It may be granted, then, that the doctrine of the Cross is not on the surface of the world. The surface of things is bright only, and the Cross is sorrowful; it is a hidden doctrine; it lies under a veil; it at first sight startles us, and we are tempted to revolt from it. Like St. Peter, we cry out, “Be it far from Thee, Lord; this shall not be unto Thee.” [Matt. xvi. 22.] And yet it is a true doctrine; for truth is not on the surface of things, but in the depths.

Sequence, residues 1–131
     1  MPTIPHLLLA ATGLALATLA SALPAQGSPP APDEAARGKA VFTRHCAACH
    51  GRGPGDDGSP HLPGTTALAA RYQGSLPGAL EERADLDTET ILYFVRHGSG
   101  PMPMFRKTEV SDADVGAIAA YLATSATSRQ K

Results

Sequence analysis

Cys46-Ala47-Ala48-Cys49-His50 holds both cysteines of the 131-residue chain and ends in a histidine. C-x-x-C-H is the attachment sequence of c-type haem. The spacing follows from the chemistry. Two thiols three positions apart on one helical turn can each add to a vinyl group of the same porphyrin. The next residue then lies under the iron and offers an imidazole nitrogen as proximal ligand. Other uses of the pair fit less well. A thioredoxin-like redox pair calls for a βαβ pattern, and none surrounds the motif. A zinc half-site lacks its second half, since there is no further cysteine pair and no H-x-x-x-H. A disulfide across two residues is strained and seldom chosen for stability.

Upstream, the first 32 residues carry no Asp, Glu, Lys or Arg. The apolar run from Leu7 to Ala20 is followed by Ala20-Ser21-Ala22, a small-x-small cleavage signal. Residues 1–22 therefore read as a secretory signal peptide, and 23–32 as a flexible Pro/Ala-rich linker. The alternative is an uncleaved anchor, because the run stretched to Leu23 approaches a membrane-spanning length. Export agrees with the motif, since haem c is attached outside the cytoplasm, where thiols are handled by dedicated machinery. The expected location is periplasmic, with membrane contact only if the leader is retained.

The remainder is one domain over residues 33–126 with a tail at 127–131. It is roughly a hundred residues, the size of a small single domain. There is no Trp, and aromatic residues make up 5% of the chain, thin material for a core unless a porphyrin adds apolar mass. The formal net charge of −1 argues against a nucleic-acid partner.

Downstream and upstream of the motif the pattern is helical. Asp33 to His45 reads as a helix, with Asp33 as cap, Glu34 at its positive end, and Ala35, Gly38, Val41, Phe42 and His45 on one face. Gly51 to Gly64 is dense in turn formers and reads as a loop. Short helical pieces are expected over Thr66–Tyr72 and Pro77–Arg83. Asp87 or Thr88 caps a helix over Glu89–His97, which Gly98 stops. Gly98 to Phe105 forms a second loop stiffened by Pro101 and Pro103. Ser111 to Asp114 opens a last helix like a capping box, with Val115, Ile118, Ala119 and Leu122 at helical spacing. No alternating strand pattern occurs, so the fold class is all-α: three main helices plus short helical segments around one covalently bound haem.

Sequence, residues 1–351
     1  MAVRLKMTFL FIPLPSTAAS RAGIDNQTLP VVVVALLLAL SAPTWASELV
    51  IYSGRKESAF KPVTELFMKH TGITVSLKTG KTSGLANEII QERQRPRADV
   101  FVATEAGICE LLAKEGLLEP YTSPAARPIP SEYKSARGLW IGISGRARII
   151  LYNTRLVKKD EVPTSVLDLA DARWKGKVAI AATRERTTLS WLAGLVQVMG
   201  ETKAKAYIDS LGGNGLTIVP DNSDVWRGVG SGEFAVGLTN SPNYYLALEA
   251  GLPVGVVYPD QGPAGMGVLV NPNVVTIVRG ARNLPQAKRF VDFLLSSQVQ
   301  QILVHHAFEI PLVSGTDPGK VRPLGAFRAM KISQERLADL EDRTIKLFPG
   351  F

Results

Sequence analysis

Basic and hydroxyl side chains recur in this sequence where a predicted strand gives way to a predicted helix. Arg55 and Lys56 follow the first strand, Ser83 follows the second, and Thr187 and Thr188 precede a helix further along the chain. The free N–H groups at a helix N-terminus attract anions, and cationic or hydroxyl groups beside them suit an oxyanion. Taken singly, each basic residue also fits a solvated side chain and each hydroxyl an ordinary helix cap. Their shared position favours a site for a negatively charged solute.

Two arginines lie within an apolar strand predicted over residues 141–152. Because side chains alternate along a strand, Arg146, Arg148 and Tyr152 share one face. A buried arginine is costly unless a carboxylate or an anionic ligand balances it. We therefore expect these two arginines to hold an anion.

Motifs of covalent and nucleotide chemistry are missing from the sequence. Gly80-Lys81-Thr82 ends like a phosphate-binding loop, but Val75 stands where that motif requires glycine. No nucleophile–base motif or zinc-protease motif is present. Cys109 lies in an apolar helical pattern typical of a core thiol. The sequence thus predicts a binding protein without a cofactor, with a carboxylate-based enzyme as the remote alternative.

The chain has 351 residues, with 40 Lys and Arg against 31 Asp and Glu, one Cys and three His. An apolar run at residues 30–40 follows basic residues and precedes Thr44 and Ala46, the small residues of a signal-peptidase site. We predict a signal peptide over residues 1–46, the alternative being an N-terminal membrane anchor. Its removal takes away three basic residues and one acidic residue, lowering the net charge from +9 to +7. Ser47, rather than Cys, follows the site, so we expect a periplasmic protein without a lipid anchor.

And as the doctrine of the Cross, though it be the true interpretation of this world, is not prominently manifested in it, upon its surface, but is concealed; so again, when received into the faithful heart, there it abides as a living principle, but deep, and hidden from observation. Religious men, in the words of Scripture, “live by the faith of the Son of God, who loved them and gave Himself for them:” [Gal. ii. 20.] but they do not tell this to all men; they leave others to find it out as they may. Our Lord’s own command to His disciples was, that when they fast, they should “anoint their head and wash their face.” [Matt. vi. 17.] Thus they are bound not to make a display, but ever to be content to look outwardly different {89} from what they are really inwardly. They are to carry a cheerful countenance with them, and to control and regulate their feelings, that those feelings, by not being expended on the surface, may retire deep into their hearts and there live. And thus “Jesus Christ and He crucified” is, as the Apostle tells us, “a hidden wisdom;”—hidden in the world, which seems at first sight to speak a far other doctrine,—and hidden in the faithful soul, which to persons at a distance, or to chance beholders, seems to be living but an ordinary life, while really it is in secret holding communion with Him who was “manifested in the flesh,” “crucified through weakness,” “justified in the Spirit, seen of angels, and received up into glory.”